The de-labeling process confirms what many doctors have suspected: many patients erroneously believe they cannot tolerate penicillin. Many adults avoid it because they were told at some point that they were allergic to it, and they often don’t remember what happened or why they were told they are allergic. In many of those cases, there was no actual reaction and the allergy label was a mistake. In other cases, there was a reaction but it was unrelated to the penicillin, or experienced an unpleasant side effect that wasn’t an allergic reaction. In a few cases, there was a true allergic reaction but the person is no longer allergic.
Most of these apply to children as well. According to Dr. Carel, a delayed reaction like a rash is usually not due to the antibiotic but to something else, and it’s not always clear why it happens.
“Parents will often say that their child had a headache or stomachache when they were taking penicillin, and they call it an allergy because that’s the way they know to describe it – a go-to label for any reaction,” said Dr. Carel. “But even when they have a reaction, it may not be due to the penicillin. They may have been taking Augmentin, which has another ingredient that can cause diarrhea. Most children tolerate a penicillin antibiotic like amoxicillin very well.”
Dr. Kalra started working on penicillin de-labeling and University of Colorado Hospital in August 2017. She started working with anesthesiologist Angela Selzer, MD, to do penicillin de-labeling before patients had surgery. She has since formed partnerships across the organization to remove the penicillin allergy label for patients who are not allergic. She is currently working with partners to promote de-labeling in the inpatient setting as well, though limited staff can make it challenging to get to everyone.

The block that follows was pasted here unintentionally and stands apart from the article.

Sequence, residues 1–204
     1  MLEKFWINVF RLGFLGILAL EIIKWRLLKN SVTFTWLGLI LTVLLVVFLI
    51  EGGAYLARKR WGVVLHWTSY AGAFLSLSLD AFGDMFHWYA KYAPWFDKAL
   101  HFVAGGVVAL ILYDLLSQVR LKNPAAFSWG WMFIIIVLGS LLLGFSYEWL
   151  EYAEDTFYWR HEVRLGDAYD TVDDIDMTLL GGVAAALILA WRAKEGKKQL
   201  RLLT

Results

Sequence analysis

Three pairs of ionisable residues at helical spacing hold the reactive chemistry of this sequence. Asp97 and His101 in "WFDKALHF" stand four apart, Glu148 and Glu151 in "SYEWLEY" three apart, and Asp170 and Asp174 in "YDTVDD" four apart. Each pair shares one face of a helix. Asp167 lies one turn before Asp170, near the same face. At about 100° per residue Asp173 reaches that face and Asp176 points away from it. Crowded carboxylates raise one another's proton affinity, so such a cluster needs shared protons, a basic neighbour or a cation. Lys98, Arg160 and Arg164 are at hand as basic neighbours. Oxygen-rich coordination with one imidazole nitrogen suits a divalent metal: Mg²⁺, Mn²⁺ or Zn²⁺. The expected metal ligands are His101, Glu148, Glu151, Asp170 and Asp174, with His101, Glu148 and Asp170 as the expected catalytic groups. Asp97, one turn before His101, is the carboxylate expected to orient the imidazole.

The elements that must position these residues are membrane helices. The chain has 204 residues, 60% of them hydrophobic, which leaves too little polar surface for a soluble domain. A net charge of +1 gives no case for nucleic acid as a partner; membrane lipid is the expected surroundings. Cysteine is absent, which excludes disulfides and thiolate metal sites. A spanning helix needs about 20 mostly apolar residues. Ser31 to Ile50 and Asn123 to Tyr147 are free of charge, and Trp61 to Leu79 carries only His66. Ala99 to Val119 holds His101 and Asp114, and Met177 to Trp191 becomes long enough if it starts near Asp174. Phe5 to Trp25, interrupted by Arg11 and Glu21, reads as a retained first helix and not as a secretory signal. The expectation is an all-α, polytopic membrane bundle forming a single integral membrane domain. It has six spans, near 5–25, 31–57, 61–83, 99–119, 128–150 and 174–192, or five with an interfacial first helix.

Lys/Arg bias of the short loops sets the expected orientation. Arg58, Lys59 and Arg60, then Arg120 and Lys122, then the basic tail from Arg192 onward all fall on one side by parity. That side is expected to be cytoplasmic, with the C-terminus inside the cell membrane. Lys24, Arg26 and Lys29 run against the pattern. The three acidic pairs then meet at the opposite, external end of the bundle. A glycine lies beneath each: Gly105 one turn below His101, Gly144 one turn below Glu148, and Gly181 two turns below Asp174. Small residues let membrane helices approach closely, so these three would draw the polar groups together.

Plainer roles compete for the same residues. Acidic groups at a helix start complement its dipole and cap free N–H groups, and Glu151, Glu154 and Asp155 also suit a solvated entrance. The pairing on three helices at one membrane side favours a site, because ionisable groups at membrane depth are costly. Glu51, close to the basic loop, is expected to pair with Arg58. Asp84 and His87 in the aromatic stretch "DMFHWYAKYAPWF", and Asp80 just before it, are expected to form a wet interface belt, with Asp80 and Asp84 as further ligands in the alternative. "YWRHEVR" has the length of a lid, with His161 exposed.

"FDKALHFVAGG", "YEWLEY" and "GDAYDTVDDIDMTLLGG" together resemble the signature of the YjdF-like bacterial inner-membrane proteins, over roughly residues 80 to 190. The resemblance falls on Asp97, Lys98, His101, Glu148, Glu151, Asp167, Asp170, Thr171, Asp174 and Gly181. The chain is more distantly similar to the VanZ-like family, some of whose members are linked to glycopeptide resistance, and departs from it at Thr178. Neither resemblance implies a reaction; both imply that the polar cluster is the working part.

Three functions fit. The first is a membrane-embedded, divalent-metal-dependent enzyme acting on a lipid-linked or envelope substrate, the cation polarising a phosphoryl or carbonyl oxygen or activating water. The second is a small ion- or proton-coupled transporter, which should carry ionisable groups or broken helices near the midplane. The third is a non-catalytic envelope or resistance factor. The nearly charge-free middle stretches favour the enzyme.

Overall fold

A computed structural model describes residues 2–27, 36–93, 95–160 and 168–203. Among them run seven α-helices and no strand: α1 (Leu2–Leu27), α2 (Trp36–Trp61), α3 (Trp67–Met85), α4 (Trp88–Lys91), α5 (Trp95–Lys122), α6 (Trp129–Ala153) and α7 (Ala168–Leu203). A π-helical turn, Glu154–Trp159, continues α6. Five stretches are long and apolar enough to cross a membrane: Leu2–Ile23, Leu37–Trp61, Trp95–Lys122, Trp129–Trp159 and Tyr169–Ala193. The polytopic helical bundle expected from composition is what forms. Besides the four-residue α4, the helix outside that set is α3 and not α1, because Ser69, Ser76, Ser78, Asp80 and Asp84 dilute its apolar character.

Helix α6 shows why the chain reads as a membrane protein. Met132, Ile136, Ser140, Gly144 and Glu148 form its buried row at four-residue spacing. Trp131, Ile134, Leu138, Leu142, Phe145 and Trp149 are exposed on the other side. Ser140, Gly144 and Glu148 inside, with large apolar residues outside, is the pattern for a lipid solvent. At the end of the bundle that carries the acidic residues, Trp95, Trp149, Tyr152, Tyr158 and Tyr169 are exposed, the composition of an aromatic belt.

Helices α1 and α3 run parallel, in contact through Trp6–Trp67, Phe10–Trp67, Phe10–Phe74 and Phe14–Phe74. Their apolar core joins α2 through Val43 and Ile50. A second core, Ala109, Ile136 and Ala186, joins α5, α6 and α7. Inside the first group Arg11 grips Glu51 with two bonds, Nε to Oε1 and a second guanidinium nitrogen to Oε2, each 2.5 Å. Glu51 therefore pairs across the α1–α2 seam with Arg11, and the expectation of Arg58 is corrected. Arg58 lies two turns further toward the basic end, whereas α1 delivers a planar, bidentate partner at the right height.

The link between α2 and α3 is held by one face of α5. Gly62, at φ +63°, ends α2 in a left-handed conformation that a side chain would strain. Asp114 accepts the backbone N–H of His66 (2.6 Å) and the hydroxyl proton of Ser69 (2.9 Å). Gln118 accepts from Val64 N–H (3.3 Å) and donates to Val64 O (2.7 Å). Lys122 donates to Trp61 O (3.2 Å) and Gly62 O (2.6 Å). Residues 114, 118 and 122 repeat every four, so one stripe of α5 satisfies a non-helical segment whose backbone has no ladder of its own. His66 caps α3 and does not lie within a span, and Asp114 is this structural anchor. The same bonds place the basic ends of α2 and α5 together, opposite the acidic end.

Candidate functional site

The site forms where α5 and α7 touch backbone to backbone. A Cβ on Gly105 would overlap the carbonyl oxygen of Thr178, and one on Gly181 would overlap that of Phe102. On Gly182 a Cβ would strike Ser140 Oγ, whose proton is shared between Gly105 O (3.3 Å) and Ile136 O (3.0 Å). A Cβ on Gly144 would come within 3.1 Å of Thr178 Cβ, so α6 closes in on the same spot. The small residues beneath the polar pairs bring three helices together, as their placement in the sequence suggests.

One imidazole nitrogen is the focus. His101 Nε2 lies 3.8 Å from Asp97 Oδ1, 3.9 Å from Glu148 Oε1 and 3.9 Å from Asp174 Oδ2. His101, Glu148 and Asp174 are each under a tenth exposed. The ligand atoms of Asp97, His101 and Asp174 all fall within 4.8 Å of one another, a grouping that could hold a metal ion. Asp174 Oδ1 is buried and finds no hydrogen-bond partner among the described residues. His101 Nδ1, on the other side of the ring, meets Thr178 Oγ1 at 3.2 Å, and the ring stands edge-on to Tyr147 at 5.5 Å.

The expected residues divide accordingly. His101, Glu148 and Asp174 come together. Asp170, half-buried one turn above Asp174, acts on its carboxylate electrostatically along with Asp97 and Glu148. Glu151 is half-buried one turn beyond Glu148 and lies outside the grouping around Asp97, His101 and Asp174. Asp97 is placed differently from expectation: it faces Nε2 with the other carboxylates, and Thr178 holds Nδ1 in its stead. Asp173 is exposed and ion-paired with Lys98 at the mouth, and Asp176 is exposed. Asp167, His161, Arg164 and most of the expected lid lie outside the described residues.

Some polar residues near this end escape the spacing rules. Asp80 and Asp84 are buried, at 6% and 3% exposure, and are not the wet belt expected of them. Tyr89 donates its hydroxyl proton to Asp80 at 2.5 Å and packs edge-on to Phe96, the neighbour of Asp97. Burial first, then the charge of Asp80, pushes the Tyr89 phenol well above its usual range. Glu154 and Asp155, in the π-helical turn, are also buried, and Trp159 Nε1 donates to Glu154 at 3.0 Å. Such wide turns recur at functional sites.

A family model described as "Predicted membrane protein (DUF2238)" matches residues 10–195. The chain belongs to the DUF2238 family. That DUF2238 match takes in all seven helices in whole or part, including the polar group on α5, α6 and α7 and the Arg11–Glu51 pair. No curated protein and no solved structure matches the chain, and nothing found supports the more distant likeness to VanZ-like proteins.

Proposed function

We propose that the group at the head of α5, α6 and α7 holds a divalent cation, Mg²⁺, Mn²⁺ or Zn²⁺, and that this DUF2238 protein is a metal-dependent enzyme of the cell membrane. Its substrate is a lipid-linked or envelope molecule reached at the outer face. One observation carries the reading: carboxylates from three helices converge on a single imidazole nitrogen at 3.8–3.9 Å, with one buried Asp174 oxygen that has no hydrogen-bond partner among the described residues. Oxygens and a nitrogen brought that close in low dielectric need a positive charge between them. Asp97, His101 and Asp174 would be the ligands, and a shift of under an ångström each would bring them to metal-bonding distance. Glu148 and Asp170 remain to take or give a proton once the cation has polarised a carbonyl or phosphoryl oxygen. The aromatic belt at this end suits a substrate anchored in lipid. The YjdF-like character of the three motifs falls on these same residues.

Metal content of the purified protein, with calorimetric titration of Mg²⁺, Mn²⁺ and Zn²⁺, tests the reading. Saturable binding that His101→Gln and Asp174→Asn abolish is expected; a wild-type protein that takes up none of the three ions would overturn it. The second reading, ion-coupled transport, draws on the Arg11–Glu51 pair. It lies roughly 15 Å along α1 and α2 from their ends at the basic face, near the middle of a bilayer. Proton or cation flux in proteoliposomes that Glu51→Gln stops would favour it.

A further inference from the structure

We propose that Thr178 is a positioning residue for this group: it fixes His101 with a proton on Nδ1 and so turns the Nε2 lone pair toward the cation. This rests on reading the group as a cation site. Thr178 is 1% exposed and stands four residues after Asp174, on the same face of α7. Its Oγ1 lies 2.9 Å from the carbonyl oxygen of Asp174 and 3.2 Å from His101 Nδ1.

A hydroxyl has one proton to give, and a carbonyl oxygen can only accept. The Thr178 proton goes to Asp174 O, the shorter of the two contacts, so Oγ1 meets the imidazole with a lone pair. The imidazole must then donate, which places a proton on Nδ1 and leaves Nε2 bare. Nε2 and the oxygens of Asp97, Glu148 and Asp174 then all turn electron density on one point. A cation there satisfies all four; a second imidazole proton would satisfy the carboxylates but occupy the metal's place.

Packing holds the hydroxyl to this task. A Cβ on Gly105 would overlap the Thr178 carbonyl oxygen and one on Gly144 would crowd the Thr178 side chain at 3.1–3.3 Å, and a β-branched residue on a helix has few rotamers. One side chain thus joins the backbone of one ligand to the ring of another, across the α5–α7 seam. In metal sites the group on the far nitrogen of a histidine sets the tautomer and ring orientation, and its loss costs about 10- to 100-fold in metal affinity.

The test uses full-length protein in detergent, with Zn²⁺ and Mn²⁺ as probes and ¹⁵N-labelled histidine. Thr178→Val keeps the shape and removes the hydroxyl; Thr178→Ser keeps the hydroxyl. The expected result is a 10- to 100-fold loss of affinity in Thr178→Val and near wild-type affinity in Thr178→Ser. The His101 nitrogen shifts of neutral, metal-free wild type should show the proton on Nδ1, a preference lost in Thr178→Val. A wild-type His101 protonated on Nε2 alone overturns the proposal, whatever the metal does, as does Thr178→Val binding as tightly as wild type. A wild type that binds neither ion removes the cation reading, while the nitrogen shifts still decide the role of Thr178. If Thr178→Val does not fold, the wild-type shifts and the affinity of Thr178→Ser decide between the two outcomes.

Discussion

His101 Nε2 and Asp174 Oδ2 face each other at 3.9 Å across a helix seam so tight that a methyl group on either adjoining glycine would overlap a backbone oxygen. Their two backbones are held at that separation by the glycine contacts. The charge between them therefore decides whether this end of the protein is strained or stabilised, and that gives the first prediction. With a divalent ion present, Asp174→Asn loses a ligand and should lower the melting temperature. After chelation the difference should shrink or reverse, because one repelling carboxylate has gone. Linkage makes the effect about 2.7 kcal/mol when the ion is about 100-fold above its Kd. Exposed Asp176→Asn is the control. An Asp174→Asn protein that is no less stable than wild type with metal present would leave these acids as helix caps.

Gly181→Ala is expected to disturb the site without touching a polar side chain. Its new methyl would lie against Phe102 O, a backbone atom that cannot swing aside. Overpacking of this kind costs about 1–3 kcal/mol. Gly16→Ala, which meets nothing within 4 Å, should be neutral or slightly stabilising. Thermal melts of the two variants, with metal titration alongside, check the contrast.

“This a great example of putting evidence into practice,” said Jenny Stitt, MD, Assistant Professor of Medicine-Allergy/Clinical Immunology. “Dr. Kalra’s approach is particularly notable for her interdisciplinary collaborations to identify preoperative, transplant and infectious disease patients who would most benefit from de-labeling.”
For Dr. Carel at Children’s Hospital Colorado, the emergency department is the next area of focus.
“Dr. Carel’s work to reduce the mis-labeling of penicillin allergy is groundbreaking and promises to reduce unnecessary exposure to broad spectrum drugs, reduce excess cost and reduce the risk of multidrug resistant bacteria,” said Daniel Hyman, MD, Chief Medical and Patient Safety Officer at Children's Hospital. “Her leadership of this project has been exceptional and we are looking forward to its application in the ED and then to the community.”
Once they understand the importance of penicillin de-labeling, most physicians are in favor of it. As with most medical practice changes, the challenge is raising awareness about the compelling evidence for de-labeling and helping physicians change their process accordingly. Drs. Kalra and Carel serve as resources for the UCH and CHCO communities to ensure that physicians can give the best possible clinical care for infections while also demonstrating national leadership in the prevention of antibiotic resistance.